Deborah Love: Within a few minutes, I was in complete denial. He did not do it. He had no part in doing it. I don't know who did it. It could have been strangers. Maybe it was her present husband, because that's what Ron said.
But as the investigation wore on, there were disturbing signs that Love says she could not ignore.
Deborah Love: I found cocaine. In a briefcase in the closet … he was selling cocaine.
Keith Morrison: Large amounts of it?
Deborah Love: Large amounts of cocaine. He admitted it.
At first Love, terrified of Samuels, said nothing. But after he disappeared, she found the courage to do something.
Deborah Love: As soon as he was gone, I began to help the police.
Love allowed police to tap her phone. They listened to every word as Samuels, on the lam, made his way to New Orleans and beyond, dodging his FBI pursuers. But before long, thanks to Deborah, they were at his heels again.
Samuels: Could you meet me this weekend, please, please, babe, to talk in person, just me and you.
Samuels: I'm in Mexico.
Agent Doss: And then he starts using the credit card and the telephone in Monterrey, Mexico.
Keith Morrison: Bingo.
Agent Doss: Bingo.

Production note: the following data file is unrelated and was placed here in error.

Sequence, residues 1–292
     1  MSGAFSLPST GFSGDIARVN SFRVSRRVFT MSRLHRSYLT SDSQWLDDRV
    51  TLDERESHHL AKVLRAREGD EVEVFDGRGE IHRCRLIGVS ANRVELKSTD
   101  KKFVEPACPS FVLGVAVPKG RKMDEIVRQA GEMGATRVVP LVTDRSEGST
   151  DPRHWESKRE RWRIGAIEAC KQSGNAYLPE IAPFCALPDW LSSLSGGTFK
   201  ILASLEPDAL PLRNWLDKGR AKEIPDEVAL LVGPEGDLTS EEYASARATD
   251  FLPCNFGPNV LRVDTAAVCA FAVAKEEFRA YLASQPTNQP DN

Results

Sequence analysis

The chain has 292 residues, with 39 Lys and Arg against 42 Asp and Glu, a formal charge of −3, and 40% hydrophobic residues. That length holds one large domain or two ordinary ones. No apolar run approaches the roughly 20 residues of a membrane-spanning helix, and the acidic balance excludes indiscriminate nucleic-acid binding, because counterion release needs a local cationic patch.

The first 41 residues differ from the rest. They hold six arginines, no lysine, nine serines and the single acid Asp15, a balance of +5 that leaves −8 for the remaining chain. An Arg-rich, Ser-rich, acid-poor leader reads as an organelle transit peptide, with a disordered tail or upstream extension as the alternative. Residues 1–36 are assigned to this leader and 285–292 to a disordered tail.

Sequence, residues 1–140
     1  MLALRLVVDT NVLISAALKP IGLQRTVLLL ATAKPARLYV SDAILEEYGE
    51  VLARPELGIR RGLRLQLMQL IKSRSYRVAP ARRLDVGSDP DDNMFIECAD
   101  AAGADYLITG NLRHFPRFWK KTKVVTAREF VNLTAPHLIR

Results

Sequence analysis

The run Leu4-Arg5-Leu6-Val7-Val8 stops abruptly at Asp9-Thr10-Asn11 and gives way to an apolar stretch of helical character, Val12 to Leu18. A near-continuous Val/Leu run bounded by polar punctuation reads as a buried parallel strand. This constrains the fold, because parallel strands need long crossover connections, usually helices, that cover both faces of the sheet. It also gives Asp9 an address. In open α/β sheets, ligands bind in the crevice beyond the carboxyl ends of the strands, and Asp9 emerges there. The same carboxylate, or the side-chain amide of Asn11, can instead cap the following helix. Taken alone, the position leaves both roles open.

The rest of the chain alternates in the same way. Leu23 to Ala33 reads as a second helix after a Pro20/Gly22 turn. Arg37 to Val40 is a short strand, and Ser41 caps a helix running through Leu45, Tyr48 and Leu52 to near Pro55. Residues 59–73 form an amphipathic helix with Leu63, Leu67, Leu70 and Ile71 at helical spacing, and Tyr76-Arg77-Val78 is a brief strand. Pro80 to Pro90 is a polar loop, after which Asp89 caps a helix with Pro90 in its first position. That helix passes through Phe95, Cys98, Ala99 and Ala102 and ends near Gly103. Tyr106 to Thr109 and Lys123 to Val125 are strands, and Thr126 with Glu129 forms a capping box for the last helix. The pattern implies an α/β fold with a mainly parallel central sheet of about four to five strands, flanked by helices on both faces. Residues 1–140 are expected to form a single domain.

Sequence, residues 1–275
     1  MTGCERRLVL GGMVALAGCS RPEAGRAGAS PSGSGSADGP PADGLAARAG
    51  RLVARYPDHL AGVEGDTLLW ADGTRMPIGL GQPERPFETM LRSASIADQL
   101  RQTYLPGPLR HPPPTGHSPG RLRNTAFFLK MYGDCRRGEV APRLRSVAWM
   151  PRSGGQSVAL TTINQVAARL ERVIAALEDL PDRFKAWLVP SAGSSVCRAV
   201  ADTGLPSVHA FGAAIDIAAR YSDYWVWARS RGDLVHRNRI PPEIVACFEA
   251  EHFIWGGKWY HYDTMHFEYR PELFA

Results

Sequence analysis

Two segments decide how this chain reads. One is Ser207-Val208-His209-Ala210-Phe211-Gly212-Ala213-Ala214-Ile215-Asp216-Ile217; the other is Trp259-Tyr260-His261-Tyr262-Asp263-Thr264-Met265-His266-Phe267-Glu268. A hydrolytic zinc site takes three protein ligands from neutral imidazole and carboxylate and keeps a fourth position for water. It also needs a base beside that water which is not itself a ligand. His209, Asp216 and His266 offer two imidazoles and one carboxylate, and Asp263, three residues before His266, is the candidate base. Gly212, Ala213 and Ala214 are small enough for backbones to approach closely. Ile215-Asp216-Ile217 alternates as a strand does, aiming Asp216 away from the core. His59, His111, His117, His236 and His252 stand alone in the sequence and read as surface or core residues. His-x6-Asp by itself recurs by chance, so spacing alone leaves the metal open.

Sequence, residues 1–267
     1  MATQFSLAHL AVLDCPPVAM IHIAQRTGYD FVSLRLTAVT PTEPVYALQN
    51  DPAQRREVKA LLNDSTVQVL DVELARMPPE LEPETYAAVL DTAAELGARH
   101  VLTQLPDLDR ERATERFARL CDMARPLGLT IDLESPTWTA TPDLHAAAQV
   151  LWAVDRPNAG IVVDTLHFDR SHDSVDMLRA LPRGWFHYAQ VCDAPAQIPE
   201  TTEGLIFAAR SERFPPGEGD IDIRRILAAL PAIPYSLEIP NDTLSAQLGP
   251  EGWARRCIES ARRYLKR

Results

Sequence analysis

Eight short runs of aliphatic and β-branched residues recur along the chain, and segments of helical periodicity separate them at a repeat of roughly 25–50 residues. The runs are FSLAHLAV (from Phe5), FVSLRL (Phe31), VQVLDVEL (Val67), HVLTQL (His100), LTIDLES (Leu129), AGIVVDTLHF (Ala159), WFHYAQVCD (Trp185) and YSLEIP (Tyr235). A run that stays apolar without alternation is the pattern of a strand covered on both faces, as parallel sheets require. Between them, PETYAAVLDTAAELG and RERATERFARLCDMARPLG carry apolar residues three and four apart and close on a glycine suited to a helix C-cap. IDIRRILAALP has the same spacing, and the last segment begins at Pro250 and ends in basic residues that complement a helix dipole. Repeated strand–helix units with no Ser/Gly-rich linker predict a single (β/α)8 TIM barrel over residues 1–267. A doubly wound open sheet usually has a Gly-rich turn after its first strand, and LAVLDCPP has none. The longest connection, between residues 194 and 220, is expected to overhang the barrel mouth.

The FBI knew they didn't have much time because Samuels would soon be on the move.
Samuels: I need the $35,000, Debbie.
Samuels: I need it in little bits and pieces and I need a way to sneak across the border.
On May 30, 1998, Mexican police went to apprehend the slippery Ron Samuels.
Agent Doss: He comes out of his hotel, gets in the car and drives away. The Mexicans are following him. Samuels realized that he is being followed by someone and he takes off. A high-speed chase results. They eventually are able to stop him and arrest him.
And when they searched the car, he had six kilos of cocaine.
Agent Doss: Now he's got a problem.
Keith Morrison: Big problem.
Agent Doss: He's got a big problem. They're going to charge him with trafficking in six kilograms of cocaine.
Despite U.S. efforts to extradict him, the Mexican government insisted Samuels do his time. He was convicted, he was sentenced, and held for five years.
But it was little comfort to Heather Grossman.
Heather Grossman: I was afraid that he would pay somebody $200,000 or whatever to just slip out the side door.
Keith Morrison: And come after you?
Heather Grossman: And come after me.
Heather tried as best as she could to rebuild her life.
The family moved to Arizona.
She and John Grossman divorced.
In 2005, John died of a heart attack.
And all that time, Heather waited. She waited for justice.
Keith Morrison: And had an underlying sense of anxiety that whole time?
Heather Grossman: The whole time.
Finally, in 2005, Samuels was sent back to Florida to stand trial for the attack on the Grossmans. But what kind of case did the state have? Not only was it 10 years old, it rested on the testimony of drug addicts and felons.